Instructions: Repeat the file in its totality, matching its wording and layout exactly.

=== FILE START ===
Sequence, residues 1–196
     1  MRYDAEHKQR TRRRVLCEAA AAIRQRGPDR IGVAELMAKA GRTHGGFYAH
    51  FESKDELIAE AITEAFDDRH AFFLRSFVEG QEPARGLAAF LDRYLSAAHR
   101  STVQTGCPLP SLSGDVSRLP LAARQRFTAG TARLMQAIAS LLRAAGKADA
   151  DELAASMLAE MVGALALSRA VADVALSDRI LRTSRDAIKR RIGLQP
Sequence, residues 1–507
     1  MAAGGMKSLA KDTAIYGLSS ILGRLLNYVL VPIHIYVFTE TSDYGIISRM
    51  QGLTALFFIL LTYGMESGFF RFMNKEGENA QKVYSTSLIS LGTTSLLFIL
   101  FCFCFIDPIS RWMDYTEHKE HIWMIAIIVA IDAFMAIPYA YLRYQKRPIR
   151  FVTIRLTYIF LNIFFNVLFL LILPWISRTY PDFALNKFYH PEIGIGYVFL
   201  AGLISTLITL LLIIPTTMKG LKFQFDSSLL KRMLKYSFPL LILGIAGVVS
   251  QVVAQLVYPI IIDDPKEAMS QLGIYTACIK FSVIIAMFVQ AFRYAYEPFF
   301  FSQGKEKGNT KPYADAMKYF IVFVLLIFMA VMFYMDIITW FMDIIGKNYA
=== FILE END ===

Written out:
Sequence, residues 1–196
     1  MRYDAEHKQR TRRRVLCEAA AAIRQRGPDR IGVAELMAKA GRTHGGFYAH
    51  FESKDELIAE AITEAFDDRH AFFLRSFVEG QEPARGLAAF LDRYLSAAHR
   101  STVQTGCPLP SLSGDVSRLP LAARQRFTAG TARLMQAIAS LLRAAGKADA
   151  DELAASMLAE MVGALALSRA VADVALSDRI LRTSRDAIKR RIGLQP
Sequence, residues 1–507
     1  MAAGGMKSLA KDTAIYGLSS ILGRLLNYVL VPIHIYVFTE TSDYGIISRM
    51  QGLTALFFIL LTYGMESGFF RFMNKEGENA QKVYSTSLIS LGTTSLLFIL
   101  FCFCFIDPIS RWMDYTEHKE HIWMIAIIVA IDAFMAIPYA YLRYQKRPIR
   151  FVTIRLTYIF LNIFFNVLFL LILPWISRTY PDFALNKFYH PEIGIGYVFL
   201  AGLISTLITL LLIIPTTMKG LKFQFDSSLL KRMLKYSFPL LILGIAGVVS
   251  QVVAQLVYPI IIDDPKEAMS QLGIYTACIK FSVIIAMFVQ AFRYAYEPFF
   301  FSQGKEKGNT KPYADAMKYF IVFVLLIFMA VMFYMDIITW FMDIIGKNYA